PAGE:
How do they see us? Americans of East-Indian, Mexican, Korean, Puerto Rican, Cuban, and Afghani descent; wearing scrubs of green, pink, blue, and orange – with and without sleeves; some darker than them, most definitely not? Do they see our smiles and the eagerness to know and share, or are they blinded by our prosperity, the healthy glow of adequate nutrition and good health care, properly fitted clothes and shoes, the confidence of relative wealth? We see friends in the making, but we look from a very different vantage point.
If energy had a color, it would be bright orange (tangerine burst?) today. Alex Ferraro (1st year,) is decked out to be fully visible as clinic coordinator. She will bring to the job the same joy she brings to everything she does – including eating. Ruby Langeslay (2nd year) has decided to add even more brilliance to the Nicaraguan day in sunshine yellow. I should have less trouble tracking her in the field as we close in on the prospect of completing interviews in all (approximately) 40 houses in Chaguite. Kevin Sethi (2nd year) has stuck with his basic blue – and predictably sleeveless – ensemble. Omar Shairzay, our first four-year team member, has always added texture and complexity to the team portrait. Deeply committed to a career in medicine, he has medical school acceptances (including at Dartmouth) in hand. His engagement with the clinic is strong; his interaction with patients is quiet and efficient.
We set a new record in the clinic today: 114 patients seen. More than ever before, the outpost this year has the continuous air of order. We have prepared for the work we are doing and every day those who take up their roles in triage, pharmacy, clinic coordination, physician translation, and field research are ready – properly briefed by those who preceded them the day before. It seems clear in the reactions of those we serve that we are seen as serious and purposeful. Absent this year are the frantic exchanges and negotiations for services that we cannot provide from those who clearly need beyond our capability. Through preparation and better communication, we have made more apparent what we can and cannot do.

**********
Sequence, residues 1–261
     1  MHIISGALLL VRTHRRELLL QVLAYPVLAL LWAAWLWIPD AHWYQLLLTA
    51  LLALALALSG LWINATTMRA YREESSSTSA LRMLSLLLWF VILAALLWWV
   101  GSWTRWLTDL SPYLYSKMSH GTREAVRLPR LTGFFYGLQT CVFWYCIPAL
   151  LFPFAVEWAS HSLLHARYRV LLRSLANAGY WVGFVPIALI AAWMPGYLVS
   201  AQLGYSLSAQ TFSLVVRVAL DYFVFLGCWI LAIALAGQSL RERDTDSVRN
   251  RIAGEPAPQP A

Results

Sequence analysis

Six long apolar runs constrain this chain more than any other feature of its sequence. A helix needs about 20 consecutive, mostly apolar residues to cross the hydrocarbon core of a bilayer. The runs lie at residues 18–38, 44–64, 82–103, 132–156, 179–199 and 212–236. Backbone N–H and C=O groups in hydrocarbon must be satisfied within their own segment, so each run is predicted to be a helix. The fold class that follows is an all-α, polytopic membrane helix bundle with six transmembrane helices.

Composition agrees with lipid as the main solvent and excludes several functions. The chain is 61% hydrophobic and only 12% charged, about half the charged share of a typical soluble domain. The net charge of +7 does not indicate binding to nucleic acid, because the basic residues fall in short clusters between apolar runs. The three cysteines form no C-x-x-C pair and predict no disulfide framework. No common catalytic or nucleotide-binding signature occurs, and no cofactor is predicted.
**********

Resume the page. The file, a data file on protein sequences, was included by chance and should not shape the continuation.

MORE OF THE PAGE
The ambient hue across Cuje in March is brown, though sprinkles of green are tracing the treetops. Scattered spectacularly across the hillsides and valleys are leafless trees with striking yellow flowers. They seem to promise more abundant life and hope, yet the region prepares for the onset of even harsher times with still less water. In the field, we find time and again the breathtaking contrasts and contradictions of harsh realities, resilient and gracious people, simple pleasures, daily struggles for survival, easy and warm smiles, and hope for the future. The pure joy of a new baseball; the simple pleasure of a shared meal; love and regard returned in a pineapple.